Researchers have previously shown that anoles and other lizards will respond to moving robot lizards. In a recent elegant study in Herpetologica, Joe Macedonia and colleagues have used such robots to investigate what aspects of a lizard’s body or behavior are most important in eliciting responses. The work was conducted in Bermuda, where A. grahami and A. extremus were introduced from Jamaica and Barbados, respectively, in the first half of the last century.
Macedonia and team built robots to look like these two species. It’s worth reading the details of how they built these realistic looking models: “We constructed a conspecific robot body and dewlap to resemble our study species, A. grahami, as well as a heterospecific robot body and dewlap to resemble A. extremus. Excluding the hind limbs and tail of each robot, which were made of airbrushed latex cast from lizard specimens (see Macedonia et al. 2013), each robot body was carved from a thick wooden dowel and attached to a servomotor pushrod. Anterior to the hind limbs, robots were covered with an image created in Adobe PhotoshopH from photos of the study species (Fig. 1). These images were mirrored and joined together at the body midline. Final images were printed onto adhesive-backed fabric and molded around the wooden body, which, together with the latex hindquarters, was attached to the polyvinyl chloride (PVC) perch. Dewlaps were fashioned from white, semitransparent guitar picks that fit into a slot carved in the neck of the robot body. A small hole that was drilled into the guitar pick was secured to a hinge pin that allowed it to pivot and extend. A second small hole in the pick allowed insertion of a thin wire that was attached to the pushrod, which in turn was attached to a servomotor.” The researchers were able to tune two servomotors to produce dewlap extension and head-bobbing patterns similar to those produced by each species. The following movies illustrate what the robots looked like.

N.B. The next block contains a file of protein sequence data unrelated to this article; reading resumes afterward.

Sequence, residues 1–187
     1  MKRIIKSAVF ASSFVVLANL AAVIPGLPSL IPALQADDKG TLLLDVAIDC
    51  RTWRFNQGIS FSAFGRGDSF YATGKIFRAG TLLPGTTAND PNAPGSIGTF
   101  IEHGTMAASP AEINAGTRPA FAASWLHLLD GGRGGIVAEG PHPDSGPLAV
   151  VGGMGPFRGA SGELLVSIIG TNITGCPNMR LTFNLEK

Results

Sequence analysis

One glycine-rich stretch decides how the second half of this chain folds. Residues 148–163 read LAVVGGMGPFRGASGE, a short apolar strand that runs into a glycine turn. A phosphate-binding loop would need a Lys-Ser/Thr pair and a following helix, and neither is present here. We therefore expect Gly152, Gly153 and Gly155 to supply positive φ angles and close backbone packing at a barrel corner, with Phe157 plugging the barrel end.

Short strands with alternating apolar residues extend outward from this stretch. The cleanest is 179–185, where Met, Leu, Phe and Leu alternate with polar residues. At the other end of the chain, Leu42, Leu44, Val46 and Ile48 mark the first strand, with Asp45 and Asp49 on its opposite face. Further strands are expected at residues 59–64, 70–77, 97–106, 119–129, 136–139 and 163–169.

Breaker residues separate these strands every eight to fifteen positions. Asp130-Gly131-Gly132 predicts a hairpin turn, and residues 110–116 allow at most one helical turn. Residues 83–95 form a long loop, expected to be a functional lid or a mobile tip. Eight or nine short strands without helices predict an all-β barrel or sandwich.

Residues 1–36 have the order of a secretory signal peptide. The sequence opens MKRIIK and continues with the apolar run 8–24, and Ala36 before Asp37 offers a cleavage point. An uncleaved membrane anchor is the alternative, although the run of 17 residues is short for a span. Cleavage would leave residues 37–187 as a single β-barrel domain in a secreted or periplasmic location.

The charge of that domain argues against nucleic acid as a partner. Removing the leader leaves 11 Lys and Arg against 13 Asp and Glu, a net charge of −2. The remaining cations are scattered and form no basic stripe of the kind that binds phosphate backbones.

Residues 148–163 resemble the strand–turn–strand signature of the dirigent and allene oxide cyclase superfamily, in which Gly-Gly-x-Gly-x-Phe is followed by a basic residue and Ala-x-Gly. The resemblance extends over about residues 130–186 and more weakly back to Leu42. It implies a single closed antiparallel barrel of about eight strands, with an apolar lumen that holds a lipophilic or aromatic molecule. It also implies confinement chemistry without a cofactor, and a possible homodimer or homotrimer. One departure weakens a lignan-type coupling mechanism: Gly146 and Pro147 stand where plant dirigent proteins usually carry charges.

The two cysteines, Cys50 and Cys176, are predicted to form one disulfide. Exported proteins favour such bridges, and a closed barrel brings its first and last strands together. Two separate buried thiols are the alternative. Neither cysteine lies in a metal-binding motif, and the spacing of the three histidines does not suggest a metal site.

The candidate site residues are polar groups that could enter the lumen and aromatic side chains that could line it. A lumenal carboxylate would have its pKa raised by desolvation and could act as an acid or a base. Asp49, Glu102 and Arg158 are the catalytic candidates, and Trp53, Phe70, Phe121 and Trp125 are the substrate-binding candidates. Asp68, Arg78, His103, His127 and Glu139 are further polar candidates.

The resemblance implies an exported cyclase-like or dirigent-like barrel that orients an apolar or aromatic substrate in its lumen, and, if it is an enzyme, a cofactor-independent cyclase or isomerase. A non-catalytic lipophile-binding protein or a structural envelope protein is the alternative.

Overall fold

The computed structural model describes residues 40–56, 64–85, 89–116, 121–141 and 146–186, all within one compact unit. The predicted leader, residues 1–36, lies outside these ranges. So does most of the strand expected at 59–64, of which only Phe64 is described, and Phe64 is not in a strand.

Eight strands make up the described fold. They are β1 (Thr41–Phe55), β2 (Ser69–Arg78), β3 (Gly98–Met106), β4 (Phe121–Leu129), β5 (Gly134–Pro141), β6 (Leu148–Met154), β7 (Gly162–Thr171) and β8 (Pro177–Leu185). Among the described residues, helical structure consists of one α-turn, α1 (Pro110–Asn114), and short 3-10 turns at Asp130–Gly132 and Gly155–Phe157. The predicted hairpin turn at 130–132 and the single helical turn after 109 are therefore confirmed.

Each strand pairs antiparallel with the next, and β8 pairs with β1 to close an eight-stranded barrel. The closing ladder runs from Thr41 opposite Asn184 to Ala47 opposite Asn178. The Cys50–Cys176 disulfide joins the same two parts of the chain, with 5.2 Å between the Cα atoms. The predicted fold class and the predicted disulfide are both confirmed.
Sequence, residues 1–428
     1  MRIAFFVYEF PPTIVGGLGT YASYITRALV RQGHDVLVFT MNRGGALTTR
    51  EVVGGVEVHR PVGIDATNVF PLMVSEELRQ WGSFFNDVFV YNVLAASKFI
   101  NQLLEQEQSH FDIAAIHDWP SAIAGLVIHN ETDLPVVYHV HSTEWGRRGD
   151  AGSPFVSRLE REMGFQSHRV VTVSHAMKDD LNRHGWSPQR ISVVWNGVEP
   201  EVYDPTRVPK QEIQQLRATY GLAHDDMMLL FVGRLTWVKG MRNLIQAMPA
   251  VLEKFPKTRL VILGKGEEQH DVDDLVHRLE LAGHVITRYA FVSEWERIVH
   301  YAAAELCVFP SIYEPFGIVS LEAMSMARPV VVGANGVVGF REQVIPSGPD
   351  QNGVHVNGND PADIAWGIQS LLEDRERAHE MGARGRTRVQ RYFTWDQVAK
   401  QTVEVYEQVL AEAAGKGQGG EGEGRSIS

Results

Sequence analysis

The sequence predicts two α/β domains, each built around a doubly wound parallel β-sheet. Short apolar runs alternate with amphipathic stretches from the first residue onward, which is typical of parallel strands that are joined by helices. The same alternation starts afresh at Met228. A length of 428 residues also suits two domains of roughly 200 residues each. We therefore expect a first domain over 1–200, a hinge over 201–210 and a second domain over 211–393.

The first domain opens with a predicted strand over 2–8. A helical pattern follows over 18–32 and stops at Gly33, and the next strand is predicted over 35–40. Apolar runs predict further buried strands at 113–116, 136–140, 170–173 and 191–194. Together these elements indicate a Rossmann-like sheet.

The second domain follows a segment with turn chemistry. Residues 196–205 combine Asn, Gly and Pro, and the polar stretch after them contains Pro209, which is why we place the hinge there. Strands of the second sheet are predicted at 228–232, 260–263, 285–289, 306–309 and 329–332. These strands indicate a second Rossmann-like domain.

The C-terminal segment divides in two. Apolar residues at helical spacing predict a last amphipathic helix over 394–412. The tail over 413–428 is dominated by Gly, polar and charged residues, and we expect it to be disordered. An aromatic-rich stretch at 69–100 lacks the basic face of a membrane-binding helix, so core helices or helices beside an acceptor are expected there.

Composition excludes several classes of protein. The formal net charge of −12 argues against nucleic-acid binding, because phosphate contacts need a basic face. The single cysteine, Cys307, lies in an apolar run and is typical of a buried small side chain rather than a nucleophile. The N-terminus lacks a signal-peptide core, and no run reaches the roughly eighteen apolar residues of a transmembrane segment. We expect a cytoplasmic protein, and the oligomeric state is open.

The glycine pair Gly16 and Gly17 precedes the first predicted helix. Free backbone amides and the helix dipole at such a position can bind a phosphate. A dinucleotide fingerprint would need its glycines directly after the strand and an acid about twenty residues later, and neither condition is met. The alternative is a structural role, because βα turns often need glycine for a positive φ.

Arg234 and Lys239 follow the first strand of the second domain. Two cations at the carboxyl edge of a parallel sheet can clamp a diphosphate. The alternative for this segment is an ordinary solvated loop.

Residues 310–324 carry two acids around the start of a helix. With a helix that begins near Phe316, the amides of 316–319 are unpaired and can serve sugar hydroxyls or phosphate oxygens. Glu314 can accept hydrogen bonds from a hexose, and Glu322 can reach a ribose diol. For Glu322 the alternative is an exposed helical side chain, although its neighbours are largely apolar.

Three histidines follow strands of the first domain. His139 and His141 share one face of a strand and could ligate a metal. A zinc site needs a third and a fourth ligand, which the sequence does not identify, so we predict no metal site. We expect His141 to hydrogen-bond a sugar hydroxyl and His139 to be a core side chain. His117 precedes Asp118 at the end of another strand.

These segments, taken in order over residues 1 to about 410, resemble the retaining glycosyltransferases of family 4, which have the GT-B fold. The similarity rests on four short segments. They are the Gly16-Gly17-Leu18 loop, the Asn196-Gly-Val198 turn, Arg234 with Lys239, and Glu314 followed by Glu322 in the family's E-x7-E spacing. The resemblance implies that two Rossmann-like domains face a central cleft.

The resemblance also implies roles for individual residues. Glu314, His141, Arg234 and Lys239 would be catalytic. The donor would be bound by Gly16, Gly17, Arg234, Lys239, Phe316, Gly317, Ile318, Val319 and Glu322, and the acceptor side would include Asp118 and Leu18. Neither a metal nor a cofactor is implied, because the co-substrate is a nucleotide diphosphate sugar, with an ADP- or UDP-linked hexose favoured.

In the first experiment, wild A. grahami were presented with robots in the following four treatments: grahami color and grahami display patterns; grahami color and extremus display patterns; extremus color and grahami display patterns; and extremus color and display patterns.
Sixty-seven of 145 lizards responded to the displaying robots, and the strongest response was to the normal-looking grahami. In addition, the lizards dewlapped more to the robot with grahami color but extremus display pattern than they did to either of the robot treatments with extremus coloration; however, in terms of head-bobbing, the grahami did not distinguish between the three other treatments, responding similarly to all three at a lower headbobbing rate than to the normal- looking and behaving grahami robot.
In a second experiment, wild grahami were exposed to robots that looked like grahami and that: bobbed and dewlapped; only bobbed; or only dewlapped. Unexpectedly, they dewlapped the most to the robots that only dewlapped, and headbobbed the most to the robots that only headbobbed.
Macedonia et al. conclude the paper by suggesting that in the future, the best way to further this line of research will be to develop robots that can be controlled in real-time such that the robot’s behavior can be responsive to what the subject lizard does.